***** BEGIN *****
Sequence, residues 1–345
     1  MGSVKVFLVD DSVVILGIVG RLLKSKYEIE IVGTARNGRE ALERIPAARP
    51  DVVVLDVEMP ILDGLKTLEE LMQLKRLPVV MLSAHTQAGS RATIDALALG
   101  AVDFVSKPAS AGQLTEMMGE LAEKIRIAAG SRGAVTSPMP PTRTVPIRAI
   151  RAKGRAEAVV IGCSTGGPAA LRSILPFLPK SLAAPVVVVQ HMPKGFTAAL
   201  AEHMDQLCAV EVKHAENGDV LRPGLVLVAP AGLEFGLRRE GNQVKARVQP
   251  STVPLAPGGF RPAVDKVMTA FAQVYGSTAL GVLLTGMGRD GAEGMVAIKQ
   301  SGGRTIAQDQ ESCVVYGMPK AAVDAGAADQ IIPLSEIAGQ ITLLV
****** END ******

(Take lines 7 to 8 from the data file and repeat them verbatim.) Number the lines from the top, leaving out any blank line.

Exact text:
   251  STVPLAPGGF RPAVDKVMTA FAQVYGSTAL GVLLTGMGRD GAEGMVAIKQ
   301  SGGRTIAQDQ ESCVVYGMPK AAVDAGAADQ IIPLSEIAGQ ITLLV